See also posts on The Sacred India Tarot Archive: creation of the cards, on and

Contents: 78 Cards + 4 Bonus Cards and 350-page Comprehensive Handbook 

12 March 2013 – Here is a new Review on Amazon: 

The tarot deck is clearly a labour of love and it’s no surprise that it took over 10 years to bring into creation. To me it’s like having a personal guru/rishi who has the time to sit with me and guide me into my inner space, using metaphors, allegories, stories and archetype energies.

The amazing detail, synergistic energies and spiritual wisdom that converged to manifest in this sacred tarot is empowering at different levels. I have been reading cards for over 20 years and I have used dozens of decks from diverse traditions, representing a range of eclectic visions, but this is the one deck I hold in my heart because it is like a bridge to higher levels of consciousness.

The artwork is interesting and at times surreal, almost like vivid water coloured expressions, but not typically Indian. However, the sacred motifs and yantras along with the basic archetypal suit elements of the traditional tarot are present. To me the artwork isn’t the strength of this deck. What really powers this tarot is the subtle inner energy of the visionaries: namely the writer, the artist, and the others, including the divine energies, who facilitated its creation.

I doubt very much I will be using this tarot for divination; that would be like using a classic Rolls Royce to drag race on a dirt road. It will be a tool to develop higher consciousness. The Sacred India Tarot is worth a lot more than the price you have to pay for the deck and it’s one you’ll want to keep for a lifetime, providing you are a spiritual pilgrim, searching for a quiet awakening beyond the mundane realm of divination and everyday drama. I love lighting some incense and sitting quietly with this deck…it’s like being with one aspect of the divine energy that is Mother Saraswati.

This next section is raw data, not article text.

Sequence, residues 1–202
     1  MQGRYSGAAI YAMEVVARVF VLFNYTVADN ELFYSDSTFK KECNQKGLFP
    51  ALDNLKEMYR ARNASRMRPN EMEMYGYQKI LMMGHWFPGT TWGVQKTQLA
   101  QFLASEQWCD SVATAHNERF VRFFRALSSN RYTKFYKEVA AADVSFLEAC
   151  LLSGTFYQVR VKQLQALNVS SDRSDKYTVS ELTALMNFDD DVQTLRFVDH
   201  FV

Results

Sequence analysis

I live in Canada and couldn’t get it delivered from Amazon’s US suppliers so I had to purchase from Yogi Impressions in India. No problems and it was delivered on time.

Review by Aluna

See also, posts on this blog, on the creation of the deck – The Sacred India Tarot Archive.


8 thoughts on “Books published

  1. Where in England can I buy The sacred India Tarot? I live in Switzerland and the book is not available here. Thanks. indrani

  2. Amazing Illustrations! Is the story “Pierrot and the White Wolf” in your book THE DREAMER IN THE DREAM? if not – was it published and how could we find it? Thanks, Tatiana

    • Hello Tatiana – Pierrot and the White Wolf (by Catherine Harding) is not in the Dreamer in the Dream – but I could print a copy for you privately, with all the illustrations. I will email you my address.
      Or else, I think Catherine Harding published it some years ago, with some of them – I can’t remember the original title at the moment – and she may have some of her copies. You can get more information from Richard Lang at

      Best wishes, Jane